if( object.type=TYPE_METEOR ) {
    object.isClassified = false;
} else {
    object.isClassified = true;
}

Accuracy must NOT be 100%, as long as no classified information is incorrectly handled as public data. If (some) public data is incorectly handled as classified, there should be no problem.

Terrible bug (3, Insightful)

tibman (623933) | more than 5 years ago | (#28425793)

if( object.type=TYPE_METEOR ) {
        object.isClassified = false;
} else {
        object.isClassified = true;
}

You just declassified EVERYTHING, including nuclear missiles.

Re:Terrible bug (4, Funny)

TheRaven64 (641858) | more than 5 years ago | (#28426531)

Leave him alone, he works for Diebold.

Re:Expensive software? (0)

Anonymous Coward | more than 5 years ago | (#28425607)

Why is this moderated interesting? Meteors have a fairly simple trajectory that should be easily distinguishable from the trajectory of rockets, planes, or any other objects launched from earth.

And accuracy must not be 100%, as long as no classified information leaks (i.e. sometimes wrongly hiding non-classified data would no be a problem)

Re:Expensive software? (1, Insightful)

Anonymous Coward | more than 5 years ago | (#28425863)

Said function would only be needed for a real-time system. The meteor data was being gleaned from old data.

Re:Expensive software? (1)

Xeriar (456730) | more than 5 years ago | (#28426019)

A meteor will not have a speed less than 11 kps outside of a capture orbit (not likely). No terrestrial-sourced object is going to reach that sort of speed with the expectation that it is going to land again.

Re:Expensive software? (1)

sdpuppy (898535) | more than 5 years ago | (#28426127)

Remember that size, temperature and speed will be variable within each type.

Mod this post up - interesting.

My girlfriend told me that just the other day (although I think she was sparing my feelings)

Good news everyone (1, Insightful)

Anonymous Coward | more than 5 years ago | (#28424189)

Meteors are coming, everyone panic.

Re:Good news everyone (5, Insightful)

R2.0 (532027) | more than 5 years ago | (#28424307)

Meteors are coming, everyone panic.

It should be noted that the system looks "down", not "up" - it only sees meteors after they've hit the atmosphere.

So if one big enough to cause substantial damage arrives, the message will be more like "MeteBOOOM!" followed by a lot of static.

Re:Good news everyone (1)

SquirrelsUnite (1179759) | more than 5 years ago | (#28424477)

Mod parent up please before the "OMG they let the asteroids kill us" folks arrive. This isn't about tracking Near Earth Objects.

Too expensive for the US military??? (1, Interesting)

tjstork (137384) | more than 5 years ago | (#28424197)

That's crazy talk.

Generals! Let me help you out. Me and right wing buddies will start posting stories about how the USA is dropping its guard against meteors, and potentially large asteroid strikes, and we'll create a groundswell of support for getting this thing turned back on. If the lefties can come up with some stuff about how good it is to have this government program, then, I'm sure we can form a bipartisan consensus to get you the funding you need.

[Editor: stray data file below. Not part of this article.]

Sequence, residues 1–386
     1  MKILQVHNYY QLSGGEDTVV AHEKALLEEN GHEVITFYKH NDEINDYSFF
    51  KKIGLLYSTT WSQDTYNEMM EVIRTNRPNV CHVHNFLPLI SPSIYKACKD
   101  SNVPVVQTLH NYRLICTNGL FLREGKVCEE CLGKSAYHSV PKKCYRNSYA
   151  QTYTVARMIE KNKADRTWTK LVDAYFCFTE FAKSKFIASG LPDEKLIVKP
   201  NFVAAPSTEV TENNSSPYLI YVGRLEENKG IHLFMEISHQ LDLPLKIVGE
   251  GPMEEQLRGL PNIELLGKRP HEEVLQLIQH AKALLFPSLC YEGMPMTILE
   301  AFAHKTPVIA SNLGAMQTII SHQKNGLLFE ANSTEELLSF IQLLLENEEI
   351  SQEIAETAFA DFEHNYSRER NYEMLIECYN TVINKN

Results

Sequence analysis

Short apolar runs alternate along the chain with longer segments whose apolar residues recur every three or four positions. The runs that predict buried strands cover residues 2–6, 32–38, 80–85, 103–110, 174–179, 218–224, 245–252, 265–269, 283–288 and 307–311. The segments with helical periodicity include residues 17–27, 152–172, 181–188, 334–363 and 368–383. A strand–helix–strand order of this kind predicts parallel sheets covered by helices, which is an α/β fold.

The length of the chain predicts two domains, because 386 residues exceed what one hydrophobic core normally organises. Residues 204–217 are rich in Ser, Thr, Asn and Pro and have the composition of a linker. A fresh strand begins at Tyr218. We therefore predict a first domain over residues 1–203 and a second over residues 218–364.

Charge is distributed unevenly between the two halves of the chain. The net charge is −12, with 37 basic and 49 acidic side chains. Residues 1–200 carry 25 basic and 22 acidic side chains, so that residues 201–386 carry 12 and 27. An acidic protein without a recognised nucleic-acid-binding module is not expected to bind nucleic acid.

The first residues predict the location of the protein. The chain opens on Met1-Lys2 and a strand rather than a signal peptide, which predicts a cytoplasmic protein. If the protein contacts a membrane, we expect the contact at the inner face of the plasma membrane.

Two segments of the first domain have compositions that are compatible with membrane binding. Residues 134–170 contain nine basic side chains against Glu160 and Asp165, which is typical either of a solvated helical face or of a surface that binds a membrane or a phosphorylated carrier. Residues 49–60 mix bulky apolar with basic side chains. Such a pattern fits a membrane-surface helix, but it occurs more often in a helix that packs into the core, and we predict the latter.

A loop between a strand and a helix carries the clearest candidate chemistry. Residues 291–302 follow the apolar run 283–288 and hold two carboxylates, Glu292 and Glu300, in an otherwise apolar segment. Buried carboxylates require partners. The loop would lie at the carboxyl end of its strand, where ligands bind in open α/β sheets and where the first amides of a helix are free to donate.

Except... (1)

SCPRedMage (838040) | more than 5 years ago | (#28424725)

...that, since the satellites are looking TOWARDS Earth and not AWAY from it, it'll only see objects that are actually IN Earth's atmosphere, which is FAR too late to actually GUARD anything.

Re:Except... (1)

tjstork (137384) | more than 5 years ago | (#28425123)

...that, since the satellites are looking TOWARDS Earth and not AWAY from it, it'll only see objects that are actually IN Earth's atmosphere, which is FAR too late to actually GUARD anything.

You don't understand... this is politics. Obviously, we need more satellites.

I know why... (0)

Anonymous Coward | more than 5 years ago | (#28424283)

...something the size of Texas is headed our way and they don't want us to know yet.

Re:I know why... (0)

Anonymous Coward | more than 5 years ago | (#28424467)

One Texas is bad enough, but two? My apologies to both meteor-riding and non-meteor-riding Texans.

I have a solution (1)

StuartHankins (1020819) | more than 5 years ago | (#28424359)

alter table SatelliteInfo add IsClassified bit not null default 1

Then update the rows for the non-Classified ones.

But seriously, "Expensive software"? Isn't most of this stuff custom-built anyway?

Re:I have a solution (3, Informative)

Skye16 (685048) | more than 5 years ago | (#28424699)

That's not the point. The point is if we can tell you what meteors are landing and where, it doesn't take an extensive amount of data for you to be able to pinpoint where those military satellites are in the sky. It doesn't take a lot for you to then calculate when you can be doing shit outside, and when you need to be under cover.